The three sisters played a role in the myth of Erechtheus, the king that succeeded Cecrops on the Athenian throne. According to the myth, the goddess Athena visited the workshop of the blacksmith god Hephaestus in order to ask him for weapons. Hephaestus made advances towards Athena and tried to rape her. The goddess successfully evaded him, but not before his semen fell on her thigh. Athena, disgusted, took a piece of cotton and wiped the semen off, and then threw the cotton on the ground. Where it fell, it impregnated the goddess of the earth Gaea, thus giving birth to a baby boy, who was named Erechtheus. Athena took Erechtheus and hid him in a box; she then gave the box to Pandrosus and her sisters, telling them never to open it. However, the three sisters were very curious about the contents and opened it. According to a version of the myth, they saw a snake wrapped around the baby; another version has it that the baby itself was half human and half serpent. In both versions, upon seeing inside, the sisters went mad and committed suicide by falling off the Acropolis.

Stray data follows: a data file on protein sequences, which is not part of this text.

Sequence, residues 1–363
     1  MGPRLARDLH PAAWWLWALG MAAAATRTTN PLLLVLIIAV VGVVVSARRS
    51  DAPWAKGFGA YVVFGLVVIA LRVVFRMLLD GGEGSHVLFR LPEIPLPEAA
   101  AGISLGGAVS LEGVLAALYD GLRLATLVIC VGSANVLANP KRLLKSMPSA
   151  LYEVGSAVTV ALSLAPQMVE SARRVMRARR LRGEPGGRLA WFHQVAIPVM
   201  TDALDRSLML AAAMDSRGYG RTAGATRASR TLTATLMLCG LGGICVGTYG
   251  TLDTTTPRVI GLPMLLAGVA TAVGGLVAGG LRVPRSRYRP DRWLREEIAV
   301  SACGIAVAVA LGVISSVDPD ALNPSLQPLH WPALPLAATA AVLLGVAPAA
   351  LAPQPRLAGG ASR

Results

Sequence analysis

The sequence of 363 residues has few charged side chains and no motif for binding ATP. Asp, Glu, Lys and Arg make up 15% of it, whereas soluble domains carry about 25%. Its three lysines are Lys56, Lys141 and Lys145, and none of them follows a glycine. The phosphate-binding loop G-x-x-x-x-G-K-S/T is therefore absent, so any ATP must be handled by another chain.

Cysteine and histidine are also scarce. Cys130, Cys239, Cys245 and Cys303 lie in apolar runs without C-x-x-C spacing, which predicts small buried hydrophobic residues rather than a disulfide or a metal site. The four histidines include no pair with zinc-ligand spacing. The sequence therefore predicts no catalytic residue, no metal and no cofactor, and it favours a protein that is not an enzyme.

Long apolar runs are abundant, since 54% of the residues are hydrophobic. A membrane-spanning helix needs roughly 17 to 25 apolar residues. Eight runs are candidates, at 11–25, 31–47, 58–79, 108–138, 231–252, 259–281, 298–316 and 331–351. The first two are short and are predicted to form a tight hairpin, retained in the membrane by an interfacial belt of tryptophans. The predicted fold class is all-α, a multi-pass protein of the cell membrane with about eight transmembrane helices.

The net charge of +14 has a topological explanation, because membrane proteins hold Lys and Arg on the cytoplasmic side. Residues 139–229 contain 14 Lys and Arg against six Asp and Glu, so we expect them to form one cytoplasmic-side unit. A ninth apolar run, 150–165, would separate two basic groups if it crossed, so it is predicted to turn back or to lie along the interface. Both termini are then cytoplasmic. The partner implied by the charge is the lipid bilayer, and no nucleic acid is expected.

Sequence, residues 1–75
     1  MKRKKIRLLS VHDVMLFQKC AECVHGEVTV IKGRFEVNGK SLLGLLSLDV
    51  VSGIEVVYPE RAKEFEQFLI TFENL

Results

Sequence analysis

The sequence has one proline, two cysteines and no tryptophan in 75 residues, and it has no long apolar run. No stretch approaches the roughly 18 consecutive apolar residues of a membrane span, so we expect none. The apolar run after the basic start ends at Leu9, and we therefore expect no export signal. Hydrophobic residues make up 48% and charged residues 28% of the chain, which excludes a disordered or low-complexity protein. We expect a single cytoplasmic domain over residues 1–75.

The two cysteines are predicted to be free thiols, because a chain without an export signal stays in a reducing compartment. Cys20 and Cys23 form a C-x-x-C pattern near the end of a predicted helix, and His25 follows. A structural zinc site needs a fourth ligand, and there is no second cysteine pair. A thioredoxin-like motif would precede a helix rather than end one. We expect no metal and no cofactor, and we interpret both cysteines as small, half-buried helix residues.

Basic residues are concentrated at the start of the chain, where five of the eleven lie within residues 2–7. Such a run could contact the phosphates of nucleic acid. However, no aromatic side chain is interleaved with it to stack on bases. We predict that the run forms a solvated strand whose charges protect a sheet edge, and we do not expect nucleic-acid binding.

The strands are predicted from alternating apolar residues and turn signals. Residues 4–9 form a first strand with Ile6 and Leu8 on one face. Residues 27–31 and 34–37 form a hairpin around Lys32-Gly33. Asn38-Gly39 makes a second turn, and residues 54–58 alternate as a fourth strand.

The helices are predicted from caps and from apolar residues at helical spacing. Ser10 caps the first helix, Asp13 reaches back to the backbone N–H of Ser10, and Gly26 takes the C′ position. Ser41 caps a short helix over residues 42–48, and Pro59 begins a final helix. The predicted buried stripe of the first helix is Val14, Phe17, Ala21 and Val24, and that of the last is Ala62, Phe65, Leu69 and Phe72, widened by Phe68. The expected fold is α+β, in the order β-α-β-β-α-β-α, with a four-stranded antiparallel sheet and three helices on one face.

Who was Pandrosus?
Pandrosus was the daughter of the first king of Athens, Cecrops, in Greek mythology, and the sister of Aglaurus and Herse. The three sisters played a role in the myth of Erechtheus, the king that succeeded Cecrops on the Athenian throne.